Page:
Thursday, July 4, 2013

Rivers, Rapids and Rushing Streams

I'm liking that title hope to use it on the booklet I've been asked to do.

Wanted to post some more on water creation and a few pictures.

Once you determine what type of water you want to model the steps are straight forward:

  • Cut out stream or river bed

  • make stream bed and banks - Plaster cloth or sculpt-a-mold work well

  • Paint stream bed, use 2-3 colors, blend light to dark getting darker towards middle. Depending on the depth you plan (darker = deeper). Streams and rivers are rarely blue, recommend using tan, raw umber, green, and payens grey or charcoal

  • Seal stream bed with white or carpenters glue (I use red top tite-bond in the gallon bottle for about everything to do with scenery. Seal with full strength, not diluted. Let dry 24 hrs.

  • Prepare banks with dirt, stone, or whatever your choice of material is. Again let dry.

  • Add rocks using either glue or clear Chalk. Let dry.

  • Add any details like tree trunks that will disappear into depth of water.

  • Now use clear Chalk (I use DAP bathroom in squeezeable tube)to form rapids. You will probably due this a few times, so you will have opportunity to improve look as you add layers. Remember water piles up on the surface it hits then trails to sides and forms a trail behind the rock as ti goes downstream. Use end of artist paint brush or any pointed object to spread chalk. Will dry clear, highlighting in later stages will determine look and flow. Let dry.

  • Prepare whatever you plan to use for water. Lot's of brands out there, any work. My preference is Envirotex. (I have also used Woodland Scenics water but find it stays a little soft on top making harder to keep clean, this can be overcome by going ovr top with another covering like gloss or matte gel). A gallon goes a long way. Mix up only what you can use for a single pour no thicker that 1/8". Don't worry about adding color in first pour.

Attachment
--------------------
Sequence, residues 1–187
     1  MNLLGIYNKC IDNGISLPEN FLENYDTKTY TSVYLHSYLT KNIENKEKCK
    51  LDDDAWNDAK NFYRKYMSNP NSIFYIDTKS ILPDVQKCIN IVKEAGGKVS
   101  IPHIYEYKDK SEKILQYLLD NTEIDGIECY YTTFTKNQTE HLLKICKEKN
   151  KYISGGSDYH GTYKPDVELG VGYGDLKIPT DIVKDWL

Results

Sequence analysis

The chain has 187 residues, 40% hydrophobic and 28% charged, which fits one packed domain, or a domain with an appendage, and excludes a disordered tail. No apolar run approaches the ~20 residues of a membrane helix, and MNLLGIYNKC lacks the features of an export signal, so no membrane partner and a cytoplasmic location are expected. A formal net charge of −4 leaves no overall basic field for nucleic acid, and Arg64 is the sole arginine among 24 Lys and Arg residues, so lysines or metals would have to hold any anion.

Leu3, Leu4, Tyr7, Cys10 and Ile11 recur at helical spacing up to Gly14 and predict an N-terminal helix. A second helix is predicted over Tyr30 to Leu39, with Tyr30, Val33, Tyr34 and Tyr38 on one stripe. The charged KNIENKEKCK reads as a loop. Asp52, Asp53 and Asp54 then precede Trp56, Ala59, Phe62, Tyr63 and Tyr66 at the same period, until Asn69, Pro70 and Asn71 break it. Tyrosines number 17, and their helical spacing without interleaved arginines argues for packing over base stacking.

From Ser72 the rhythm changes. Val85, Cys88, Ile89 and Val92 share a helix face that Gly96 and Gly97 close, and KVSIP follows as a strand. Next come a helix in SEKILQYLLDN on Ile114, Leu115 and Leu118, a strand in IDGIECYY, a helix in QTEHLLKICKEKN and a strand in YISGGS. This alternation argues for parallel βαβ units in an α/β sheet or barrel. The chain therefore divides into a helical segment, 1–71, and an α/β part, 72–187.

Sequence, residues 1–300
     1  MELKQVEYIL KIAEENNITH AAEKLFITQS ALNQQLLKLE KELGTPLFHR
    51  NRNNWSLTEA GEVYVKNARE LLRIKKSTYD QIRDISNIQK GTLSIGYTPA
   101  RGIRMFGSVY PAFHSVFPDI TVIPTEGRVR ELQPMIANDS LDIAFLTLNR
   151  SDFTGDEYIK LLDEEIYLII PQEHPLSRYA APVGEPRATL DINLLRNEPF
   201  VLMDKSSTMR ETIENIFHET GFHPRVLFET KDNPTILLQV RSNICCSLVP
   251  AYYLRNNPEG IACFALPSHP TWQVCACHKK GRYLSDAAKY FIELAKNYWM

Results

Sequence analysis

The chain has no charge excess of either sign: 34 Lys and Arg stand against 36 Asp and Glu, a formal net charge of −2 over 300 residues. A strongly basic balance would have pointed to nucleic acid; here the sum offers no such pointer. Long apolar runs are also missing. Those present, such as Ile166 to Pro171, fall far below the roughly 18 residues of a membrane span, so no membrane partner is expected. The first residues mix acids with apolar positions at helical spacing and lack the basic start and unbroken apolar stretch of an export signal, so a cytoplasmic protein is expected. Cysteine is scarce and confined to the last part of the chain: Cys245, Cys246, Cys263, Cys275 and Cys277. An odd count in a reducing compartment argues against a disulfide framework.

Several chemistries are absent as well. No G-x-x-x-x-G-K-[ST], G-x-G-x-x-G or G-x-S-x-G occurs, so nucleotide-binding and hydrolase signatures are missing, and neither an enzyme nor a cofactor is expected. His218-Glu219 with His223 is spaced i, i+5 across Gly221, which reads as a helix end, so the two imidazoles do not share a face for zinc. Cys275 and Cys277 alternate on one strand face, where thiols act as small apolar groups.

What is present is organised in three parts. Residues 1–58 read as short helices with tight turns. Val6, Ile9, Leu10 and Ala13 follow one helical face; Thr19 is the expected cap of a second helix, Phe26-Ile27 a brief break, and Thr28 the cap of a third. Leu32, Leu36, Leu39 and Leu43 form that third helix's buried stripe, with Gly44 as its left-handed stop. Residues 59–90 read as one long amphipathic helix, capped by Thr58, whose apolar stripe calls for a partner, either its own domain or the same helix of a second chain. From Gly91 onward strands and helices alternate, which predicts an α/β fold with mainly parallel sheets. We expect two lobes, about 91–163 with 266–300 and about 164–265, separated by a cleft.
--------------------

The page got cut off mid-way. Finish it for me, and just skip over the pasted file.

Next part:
• Making sure stream bed is clean and dry, begin to pour a tiny bit of water material. Use a clean pointed object (toothpick is good or a skewer) and drag about edges to make sure you get a fill. If there is any holes, the water material will leak out and you will have a mess (don't ask how I know). Keep layer 1/8" or less.

  • use a paper tube (a cardboard roll from paper towel works well, as does 1/2" pvc) to exhale gently on surface of water material, this causes any bubble to come to surface and pop.

  • Let sit for 24 hours, do not do anymore work as any dust will land on your water.

Second Pour
So you've waited (I hope as I tend to rush and it never turns out well) 24 hours and are ready to look over your work. Evaluate depth, use clean toothpick to verify water material hard. Check any rapids or dams you created with chalk to verify if they are high enough for another layer, if not add them now and let dry.

Ready to proceed:

  • Make up another batch of water material, once made add a tiny amount of the tint color you want to use. I have tried several types and find simple craft paint to work best. Use just a little, adding if needed. What I do is use a clean popsicle stick to dip just enough to cover a 1/4 to 1/2" of the popsicle stick and then mix into water material. Important, check color on white paper to verify it is still see through and not too dark.

  • Once mixed and you verified color, begin pouring a tiny bit on top of your previous pour. Use toothpick or skewer to drag so it covers stream bed.

  • Let dry as above, making sure no dust is introduced.

Congratulations you are well on your way to a nice looking stream.

The next steps I'll add in a day or so with more pictures, these will include additional pours, more coloring, finishing rapids, adding flow to water surface, adding highlighting to rapids, and adding that little sparkle back to make the water look alive.

Hope you enjoyed.

Thanks Cameron

PS - have many high-re pictures if you need them with more detail on steps.

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